Of course I hoped for a healthy pregnancy, and this doesn’t mean I still can’t have that. I was a mess yesterday, I ended up making myself sick and I even got my second migraine (of my life) from the stress and the crying. I slept the afternoon away, trying to calm myself down for the baby’s sake. I am asking for your prayers, because I am very up and down about this. I am afraid, I won’t lie. I think the hardest part for me is feeling to helpless in this. I have 15 weeks until our baby will come and until then it’s just waiting this out, once labor hits I will get an IV with antibiotics every 4 hours during delivery, in order to protect the baby from GBS. So that hard part is the waiting for the day of delivery, and waiting to see if my baby will have GBS or not. Please pray for our baby’s safety!

Our plans for a home birth, as of right now, are put on hold. We’ve been advised to have the baby at the hospital, so I can be hooked to an IV with antibiotics, and just in case the baby is born with GBS they can take fast action. As you all know, my heart’s desire was to have a home birth, but my greatest heart’s desire is to have our baby safe and healthy.

If you know of anyone who has had this or if you have had this while pregnant, please talk to me! I want to hear a bit more about this, and just how serious or not serious this could be.

Thanks for listening & thank you for praying for our baby!

7 thoughts on “Prayer Request: A Change of Plans.

  1. Ashton Shjandemaar says:

    We’ll def. be praying for you guys tonight in the prayer room!!! The Lord knows whats hes doing….try and rest in him and let US all pray for you…Jer.29:11


  2. Meagan Schmidt says:

    Hey Jami, i know it sounds scary but really, don’t worry! I had this during both my pregnancies and found out at the same time and the same way you did for my last one (uti). It might just have been my midwife’s explanation of it but i really didn’t feel concerned much at all. It’s pretty common and the antibiotics worked great both times and didn’t inhibit me from having a natural/ normal birth. As hard as it is emotionally and mentally to change plans.. it’s probably wise to deliver in the hospital in order to get the antibiotics. I’ll be praying for you and if you need some more first-hand reassurance let me know. :)


  3. Bowker Family says:

    Hi Jami, it’s Grandma. Your mom just showed me your blog and set with me while I read it as like you I tend to freak out. I know everything is going to be fine and you will have a healthy baby. You will be having a lot of people praying for you and baby. The hospital thing will be fine as you need the extra care and you can do the home birth next time. I love you and will be praying. Grandma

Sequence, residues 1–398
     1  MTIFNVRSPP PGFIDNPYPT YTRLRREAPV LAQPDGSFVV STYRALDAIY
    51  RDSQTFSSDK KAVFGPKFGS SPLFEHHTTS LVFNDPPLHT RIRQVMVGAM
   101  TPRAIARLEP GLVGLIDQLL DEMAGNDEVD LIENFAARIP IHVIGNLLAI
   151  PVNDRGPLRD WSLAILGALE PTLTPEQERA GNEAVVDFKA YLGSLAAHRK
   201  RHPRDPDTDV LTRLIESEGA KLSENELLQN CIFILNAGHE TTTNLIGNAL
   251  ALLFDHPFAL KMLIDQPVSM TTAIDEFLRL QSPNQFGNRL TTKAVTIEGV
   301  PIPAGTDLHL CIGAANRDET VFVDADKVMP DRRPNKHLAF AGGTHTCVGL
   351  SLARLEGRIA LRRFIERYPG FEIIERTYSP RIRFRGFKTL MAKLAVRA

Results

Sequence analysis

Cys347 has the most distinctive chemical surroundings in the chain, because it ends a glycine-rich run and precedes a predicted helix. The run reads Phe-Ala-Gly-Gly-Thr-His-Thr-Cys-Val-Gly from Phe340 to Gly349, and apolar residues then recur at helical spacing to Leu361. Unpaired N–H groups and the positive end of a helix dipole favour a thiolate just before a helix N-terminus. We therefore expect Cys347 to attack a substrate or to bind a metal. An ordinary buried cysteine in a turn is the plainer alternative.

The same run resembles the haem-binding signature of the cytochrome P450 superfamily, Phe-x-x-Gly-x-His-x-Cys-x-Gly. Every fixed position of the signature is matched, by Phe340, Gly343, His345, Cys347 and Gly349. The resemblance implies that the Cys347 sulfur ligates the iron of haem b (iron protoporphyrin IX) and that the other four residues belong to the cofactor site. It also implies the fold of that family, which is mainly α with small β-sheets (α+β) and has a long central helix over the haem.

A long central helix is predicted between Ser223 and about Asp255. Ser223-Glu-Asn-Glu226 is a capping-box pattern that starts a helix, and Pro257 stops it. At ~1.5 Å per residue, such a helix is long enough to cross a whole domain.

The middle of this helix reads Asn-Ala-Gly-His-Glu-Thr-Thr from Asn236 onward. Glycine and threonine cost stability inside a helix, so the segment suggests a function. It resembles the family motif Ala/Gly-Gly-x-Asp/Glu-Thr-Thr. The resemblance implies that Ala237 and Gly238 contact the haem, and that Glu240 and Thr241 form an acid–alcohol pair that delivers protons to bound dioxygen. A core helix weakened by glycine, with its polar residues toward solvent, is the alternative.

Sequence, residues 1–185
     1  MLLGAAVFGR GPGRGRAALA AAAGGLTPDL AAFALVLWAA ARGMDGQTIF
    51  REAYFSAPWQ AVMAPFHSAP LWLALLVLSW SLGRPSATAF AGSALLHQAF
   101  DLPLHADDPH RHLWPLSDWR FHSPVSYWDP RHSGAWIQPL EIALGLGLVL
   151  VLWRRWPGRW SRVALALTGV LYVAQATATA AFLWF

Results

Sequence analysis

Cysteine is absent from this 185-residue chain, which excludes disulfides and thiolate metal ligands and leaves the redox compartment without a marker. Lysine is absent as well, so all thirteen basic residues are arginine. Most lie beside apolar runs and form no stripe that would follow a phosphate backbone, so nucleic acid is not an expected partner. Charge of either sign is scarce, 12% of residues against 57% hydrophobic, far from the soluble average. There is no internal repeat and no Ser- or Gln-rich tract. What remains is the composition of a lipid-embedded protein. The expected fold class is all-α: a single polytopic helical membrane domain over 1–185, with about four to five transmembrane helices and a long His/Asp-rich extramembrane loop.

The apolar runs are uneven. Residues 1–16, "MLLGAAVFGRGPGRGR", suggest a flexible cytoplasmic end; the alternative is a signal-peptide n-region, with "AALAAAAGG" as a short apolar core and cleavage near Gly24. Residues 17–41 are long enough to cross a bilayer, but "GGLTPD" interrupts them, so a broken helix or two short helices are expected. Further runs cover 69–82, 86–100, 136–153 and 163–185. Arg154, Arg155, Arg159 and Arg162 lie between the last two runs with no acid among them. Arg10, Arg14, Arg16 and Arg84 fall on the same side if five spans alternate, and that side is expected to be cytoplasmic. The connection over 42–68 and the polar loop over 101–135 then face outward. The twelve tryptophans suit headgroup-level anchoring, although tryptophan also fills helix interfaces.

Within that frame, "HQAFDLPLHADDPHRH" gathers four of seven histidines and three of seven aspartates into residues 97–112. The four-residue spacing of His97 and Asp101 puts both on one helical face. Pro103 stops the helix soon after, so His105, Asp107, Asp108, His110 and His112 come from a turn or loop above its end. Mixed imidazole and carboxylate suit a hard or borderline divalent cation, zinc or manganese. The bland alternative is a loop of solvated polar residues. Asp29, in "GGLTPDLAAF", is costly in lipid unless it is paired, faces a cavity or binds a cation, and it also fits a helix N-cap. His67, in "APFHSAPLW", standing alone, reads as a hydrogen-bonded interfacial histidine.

4. Ashton Shjandemaar says:

    haha thanks..I dont know why i dont just have a bump but am full all the way up..weird..hahaHope all goes well tomorrow!


  5. The Wellingtons says:

    So I’m back with another comment as promised :) I also tested positive for GBS (really early… like at 16 weeks) and at first it really stressed me out and made me almost want a C-section just so there was no chance of passing it to our baby… but my new doctor has been so calm about it and has really reassured me that it’s quite routine to have to get the IV and not to worry. I’m still a little worried about not getting to the hospital at least 4 hours before he is born but as with everything, I’m learning to just surrender it to the Lord and know that we’ll do all we can but it’s in His hands. Even (in my mind) worst-case scenario, if the baby has to get the antibiotics because we don’t have enough time, that will still be okay and the chances of him getting infected are very very small. Of course we’d feel much better if it wasn’t even an issue, but I think God is even just preparing my heart for parenthood and realizing I can’t always be in control. By the way, your blog is great, and I could comment on so many cute things… love the bedding! feel ya on the leg cramps and achy hips, and most of all July is soooo close and these little miracles will be in our arms soon!